During the Sacrifice of the Mass, we as a community pray the Eucharistic Prayer presided by the priest and is directed to God our Father calling upon the Holy Spirit and consecrating the bread and wine into the true and real presence of our Lord Jesus Christ. We participate in this extraordinary and mystical event, the one sacrifice of Jesus Christ at the Last Supper, and receive the Lamb of God who takes away our sins. In this Passover feast we experience the Mystery of Faith and open ourselves up to live the Eucharistic life in Christ by the efficacious graces given to us in this most sacred sacrament.
It is during the Eucharistic Prayer that we say, “May this Sacrifice of our reconciliation, we pray, O Lord, advance the peace and salvation of all the world. Be pleased to confirm in faith and charity your pilgrim Church on earth, with your servant Francis our Pope and John our Bishop, the Order of Bishops, all the clergy, and the entire people you have gained for your own.” We pray for us to be reconciled to God and to be in union with our Pope, the Bishops, the clergy, and all the faithful.
From our Catechism of the Catholic Church: When Christ instituted the Twelve, “he constituted them in the form of a college or permanent assembly, at the head of which he placed Peter, chosen from among them.” Just as by the Lord’s institution, St. Peter and the rest of the apostles constitute a single apostolic college, so in like fashion the Roman Pontiff, Peter’s successor, and the bishops, the successors of the apostles, are related with and united to one another.
The Lord made Simon alone, whom he named Peter, the “rock” of his Church. He gave him the keys of his Church and instituted him shepherd of the whole flock. The office of binding and loosing which was given to Peter was also assigned to the college of apostles united to its head. This pastoral office of Peter and the other apostles belongs to the Church’s very foundation and is continued by the bishops under the primacy of the Pope.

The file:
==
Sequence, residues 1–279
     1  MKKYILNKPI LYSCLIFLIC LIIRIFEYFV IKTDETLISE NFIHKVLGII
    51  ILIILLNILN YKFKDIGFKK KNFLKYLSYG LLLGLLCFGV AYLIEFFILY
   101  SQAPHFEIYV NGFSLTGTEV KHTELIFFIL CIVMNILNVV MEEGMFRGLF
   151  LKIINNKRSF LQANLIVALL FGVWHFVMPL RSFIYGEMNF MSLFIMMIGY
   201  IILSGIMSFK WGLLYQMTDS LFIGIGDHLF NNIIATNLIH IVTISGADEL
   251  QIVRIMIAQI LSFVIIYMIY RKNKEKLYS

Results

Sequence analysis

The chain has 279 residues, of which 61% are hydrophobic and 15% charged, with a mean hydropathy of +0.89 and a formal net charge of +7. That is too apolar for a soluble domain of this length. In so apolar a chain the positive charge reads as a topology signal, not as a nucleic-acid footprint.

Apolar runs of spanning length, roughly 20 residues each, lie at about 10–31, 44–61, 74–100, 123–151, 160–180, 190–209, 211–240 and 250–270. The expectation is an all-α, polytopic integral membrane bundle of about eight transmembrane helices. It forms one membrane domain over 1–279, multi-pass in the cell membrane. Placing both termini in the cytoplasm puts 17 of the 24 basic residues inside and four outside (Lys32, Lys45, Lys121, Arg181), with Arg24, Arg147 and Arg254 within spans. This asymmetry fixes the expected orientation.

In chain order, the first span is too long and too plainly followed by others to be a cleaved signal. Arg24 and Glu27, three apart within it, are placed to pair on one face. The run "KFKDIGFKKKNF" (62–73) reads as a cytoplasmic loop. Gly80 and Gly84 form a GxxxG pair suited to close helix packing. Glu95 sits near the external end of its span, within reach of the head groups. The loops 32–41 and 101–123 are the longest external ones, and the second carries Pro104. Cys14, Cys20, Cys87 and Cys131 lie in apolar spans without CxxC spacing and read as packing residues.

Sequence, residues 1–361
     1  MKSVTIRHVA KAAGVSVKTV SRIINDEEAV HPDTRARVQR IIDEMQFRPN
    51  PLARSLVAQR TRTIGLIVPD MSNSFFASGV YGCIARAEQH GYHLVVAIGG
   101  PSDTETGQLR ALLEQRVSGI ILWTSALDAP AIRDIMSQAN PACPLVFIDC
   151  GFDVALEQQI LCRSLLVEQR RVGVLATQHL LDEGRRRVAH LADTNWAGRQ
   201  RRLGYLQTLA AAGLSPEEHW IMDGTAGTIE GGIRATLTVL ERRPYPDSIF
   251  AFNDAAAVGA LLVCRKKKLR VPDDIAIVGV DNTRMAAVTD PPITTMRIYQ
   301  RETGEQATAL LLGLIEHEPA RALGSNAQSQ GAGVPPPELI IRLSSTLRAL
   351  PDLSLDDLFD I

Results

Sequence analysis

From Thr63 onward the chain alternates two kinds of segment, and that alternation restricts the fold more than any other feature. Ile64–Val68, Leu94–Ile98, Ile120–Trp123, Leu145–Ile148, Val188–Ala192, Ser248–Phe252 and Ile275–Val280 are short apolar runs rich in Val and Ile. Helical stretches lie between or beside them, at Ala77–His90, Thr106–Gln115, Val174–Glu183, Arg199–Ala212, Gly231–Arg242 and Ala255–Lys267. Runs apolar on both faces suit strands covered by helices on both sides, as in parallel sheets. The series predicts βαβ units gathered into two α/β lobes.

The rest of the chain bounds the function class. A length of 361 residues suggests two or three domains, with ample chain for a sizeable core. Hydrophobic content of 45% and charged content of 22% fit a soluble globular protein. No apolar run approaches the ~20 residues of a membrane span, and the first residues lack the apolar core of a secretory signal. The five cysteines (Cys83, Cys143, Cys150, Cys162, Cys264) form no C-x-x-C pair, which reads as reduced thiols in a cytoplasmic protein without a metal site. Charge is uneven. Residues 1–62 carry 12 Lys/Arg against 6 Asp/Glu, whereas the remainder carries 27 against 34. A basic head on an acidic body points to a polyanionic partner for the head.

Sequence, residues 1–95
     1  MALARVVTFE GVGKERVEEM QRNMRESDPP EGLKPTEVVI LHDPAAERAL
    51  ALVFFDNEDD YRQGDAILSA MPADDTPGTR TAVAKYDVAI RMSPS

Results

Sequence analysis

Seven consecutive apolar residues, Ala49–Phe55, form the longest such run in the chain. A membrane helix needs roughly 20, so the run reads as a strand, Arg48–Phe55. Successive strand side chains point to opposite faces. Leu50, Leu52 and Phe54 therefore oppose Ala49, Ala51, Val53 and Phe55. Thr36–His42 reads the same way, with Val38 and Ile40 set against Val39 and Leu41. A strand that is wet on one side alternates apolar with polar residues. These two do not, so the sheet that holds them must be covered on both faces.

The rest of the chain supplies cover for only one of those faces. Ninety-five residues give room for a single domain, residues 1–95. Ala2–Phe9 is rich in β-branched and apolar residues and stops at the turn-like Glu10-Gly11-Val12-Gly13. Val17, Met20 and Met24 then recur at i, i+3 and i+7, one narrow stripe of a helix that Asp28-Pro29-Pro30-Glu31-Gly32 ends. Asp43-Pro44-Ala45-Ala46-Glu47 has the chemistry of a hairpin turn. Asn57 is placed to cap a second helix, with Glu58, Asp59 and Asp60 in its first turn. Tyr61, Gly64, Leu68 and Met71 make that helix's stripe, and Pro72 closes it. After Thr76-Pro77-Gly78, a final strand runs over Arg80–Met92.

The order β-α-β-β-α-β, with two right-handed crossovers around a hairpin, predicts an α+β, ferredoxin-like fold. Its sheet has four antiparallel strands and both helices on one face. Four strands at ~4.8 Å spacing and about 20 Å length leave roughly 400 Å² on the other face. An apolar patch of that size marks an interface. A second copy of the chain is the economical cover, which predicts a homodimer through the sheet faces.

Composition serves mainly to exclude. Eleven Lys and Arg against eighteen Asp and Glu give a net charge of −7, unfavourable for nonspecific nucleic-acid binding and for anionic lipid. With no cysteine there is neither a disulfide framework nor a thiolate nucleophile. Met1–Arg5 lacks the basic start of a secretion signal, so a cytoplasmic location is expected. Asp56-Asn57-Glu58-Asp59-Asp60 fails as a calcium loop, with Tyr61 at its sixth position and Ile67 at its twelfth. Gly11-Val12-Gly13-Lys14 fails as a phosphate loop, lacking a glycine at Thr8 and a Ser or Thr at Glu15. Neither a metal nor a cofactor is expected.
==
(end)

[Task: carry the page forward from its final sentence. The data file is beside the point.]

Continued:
The Pope, Bishop of Rome and Peter’s successor, “is the perpetual and visible source and foundation of the unity both of the bishops and the whole company of the faithful.” For the Roman Pontiff, by reason of his office as Vicar of Christ, and as pastor of the entire Church has full, supreme, and universal power over the whole Church, a power which he can always exercise unhindered.
“The college or body of bishops has no authority unless united with the Roman Pontiff, Peter’s successor, as its head.” As such, this college has supreme and full authority over the universal Church; but this power cannot be exercised without the agreement of the Roman Pontiff (CCC #880 – 883).
As Roman Catholics and its Apostolic foundation, we must always be united and, therefore strengthened to live out our missionary vocation in the world of being witnesses to the Gospel by our words and actions. It is also important as we remain true to our living our faith to be in union with the Vicar of Christ, the Roman Pontiff, Pope Francis. We must never succumb to the ongoing onslaughts and attacks of Satan who continues to break the bonds of unity.
Let us keep our Holy Father, Pope Francis, in our prayers and, also, his special petitions for the world. Let us not echo the words and actions of the past that brought about the Schisms within the Church or the Protestant Reformation that broke that precious bond of unity. Again, when we come together as a community to celebrate the Sacrifice of the Mass we need to be in union with Pope Francis and one another. That’s what being a Catholic is about. Otherwise, it’s all a protest, like being a Protestant.
St. Jude, pray for us ~